I have a LBC set in purgatory which starts with a V4 on the tension board and then traverses onto the 20* where there is a series of decent crimps with some delicate footwork before a final throw to a big flat edge, this section probably tops out at V3. If completed the LBC is 23 moves and takes about 1:30 to complete. This is my first "short" LBC as mine have usually been in the 40/50 move range and I have a few questions.
I can only complete it on my first lap, laps 2-4 I have been getting to the final throw but not latching, laps 5/6 I'm falling around move 13 on the down climb. I have been using a 1:2 duty cycle. Should I keep everything the same, increase the rest, or make a few of the holds easier for the next few LBCs?
Also, I am not really pumping out, I do feel a slight pump but I am falling because I am so powered down that I cannot keep my hands closed around the crimps. This is especially the case on the holds that I move into dynamically. I am used to feeling a desperate pump but this is a bit different for me. Is this the way you all feel on shorter & harder LBCs?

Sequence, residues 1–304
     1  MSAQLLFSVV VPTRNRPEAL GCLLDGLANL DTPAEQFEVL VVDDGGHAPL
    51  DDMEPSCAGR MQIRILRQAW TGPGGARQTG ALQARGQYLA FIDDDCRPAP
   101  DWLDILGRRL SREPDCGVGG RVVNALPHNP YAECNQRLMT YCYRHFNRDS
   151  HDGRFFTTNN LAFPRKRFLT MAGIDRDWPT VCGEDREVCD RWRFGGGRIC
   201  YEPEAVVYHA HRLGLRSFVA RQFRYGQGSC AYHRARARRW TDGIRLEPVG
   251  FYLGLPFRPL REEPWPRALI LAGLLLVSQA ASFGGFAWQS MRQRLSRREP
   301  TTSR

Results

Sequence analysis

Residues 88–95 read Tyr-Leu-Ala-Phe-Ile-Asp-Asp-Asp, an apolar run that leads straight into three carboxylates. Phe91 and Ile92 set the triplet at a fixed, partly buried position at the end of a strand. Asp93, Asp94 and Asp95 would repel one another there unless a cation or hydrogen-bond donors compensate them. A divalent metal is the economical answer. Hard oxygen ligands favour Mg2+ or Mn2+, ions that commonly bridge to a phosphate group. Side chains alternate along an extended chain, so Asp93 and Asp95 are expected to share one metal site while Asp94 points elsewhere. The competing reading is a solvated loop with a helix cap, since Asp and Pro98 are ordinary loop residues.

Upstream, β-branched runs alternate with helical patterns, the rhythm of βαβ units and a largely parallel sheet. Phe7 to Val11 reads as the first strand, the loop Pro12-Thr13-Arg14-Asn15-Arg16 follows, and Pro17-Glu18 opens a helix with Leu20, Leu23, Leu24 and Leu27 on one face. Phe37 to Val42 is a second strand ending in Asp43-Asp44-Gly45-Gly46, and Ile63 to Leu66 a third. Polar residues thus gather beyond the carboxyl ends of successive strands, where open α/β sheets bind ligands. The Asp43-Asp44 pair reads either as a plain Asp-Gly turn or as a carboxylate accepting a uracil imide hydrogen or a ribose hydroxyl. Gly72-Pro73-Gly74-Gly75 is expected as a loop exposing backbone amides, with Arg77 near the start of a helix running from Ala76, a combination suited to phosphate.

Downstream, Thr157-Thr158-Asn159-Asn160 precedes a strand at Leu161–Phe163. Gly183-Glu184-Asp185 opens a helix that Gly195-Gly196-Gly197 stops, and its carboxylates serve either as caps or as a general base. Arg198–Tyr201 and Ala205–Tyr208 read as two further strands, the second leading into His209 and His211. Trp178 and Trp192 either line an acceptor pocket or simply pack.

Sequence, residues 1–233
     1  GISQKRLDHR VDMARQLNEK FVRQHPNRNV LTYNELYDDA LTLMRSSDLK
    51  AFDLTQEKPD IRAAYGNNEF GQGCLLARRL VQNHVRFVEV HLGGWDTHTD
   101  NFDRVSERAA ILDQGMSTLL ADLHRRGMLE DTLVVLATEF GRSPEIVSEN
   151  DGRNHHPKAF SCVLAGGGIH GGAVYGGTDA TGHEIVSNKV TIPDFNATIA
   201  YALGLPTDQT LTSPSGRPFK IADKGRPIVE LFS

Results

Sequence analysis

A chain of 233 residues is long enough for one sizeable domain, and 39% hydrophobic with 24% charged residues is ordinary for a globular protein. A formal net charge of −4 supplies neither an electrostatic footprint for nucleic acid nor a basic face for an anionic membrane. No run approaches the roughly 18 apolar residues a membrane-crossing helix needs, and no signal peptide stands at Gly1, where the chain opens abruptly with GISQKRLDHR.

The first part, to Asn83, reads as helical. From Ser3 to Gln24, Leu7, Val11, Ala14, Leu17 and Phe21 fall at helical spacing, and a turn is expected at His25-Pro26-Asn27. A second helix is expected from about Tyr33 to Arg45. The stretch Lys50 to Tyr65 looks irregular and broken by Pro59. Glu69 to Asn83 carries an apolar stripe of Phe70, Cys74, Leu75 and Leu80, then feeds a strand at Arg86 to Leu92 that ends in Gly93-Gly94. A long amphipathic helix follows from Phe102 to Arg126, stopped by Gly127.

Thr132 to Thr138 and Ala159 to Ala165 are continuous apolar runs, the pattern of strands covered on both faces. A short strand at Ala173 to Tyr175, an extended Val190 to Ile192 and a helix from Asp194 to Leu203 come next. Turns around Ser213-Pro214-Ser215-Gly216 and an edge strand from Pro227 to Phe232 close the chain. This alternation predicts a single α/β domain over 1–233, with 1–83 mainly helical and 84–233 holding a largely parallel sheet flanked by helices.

I don't feel like I do enough PE training to be sure of what to do, but I have tweaked my downclimbs a few times to make sure they aren't the crux, as this doesn't seem like optimal training overall. It has happened that they aren't the crux until a few rounds in, for some reason.
I have also experienced the "melting off" holds feeling vs the "pump" on shorter sequences or those with crimpier holds.
Last Edit: Mar 26, 2018 17:40:54 GMT -7 by tetrault
Not sure what it says about my training, physiology, or strengths/weaknesses, but I almost never feel that debilitating pump I used to get before I started training, and almost always just power down as you're describing. This happens both in my PE circuits (Very similar to what you described above, though on my 45) as well as on the 60 foot, 30 degree overhanging wall at my gym. It is the very, very rare route that gets me legit pumped. Rather, I just lose the ability to pull on small-ish holds, and then I'm off...
So, if I'm doing something wrong, it's the same thing as you, and I'd love to know what it is! Or maybe we're both doing something right?? (unlikely). Or probably we're just training a different energy system for whatever reason.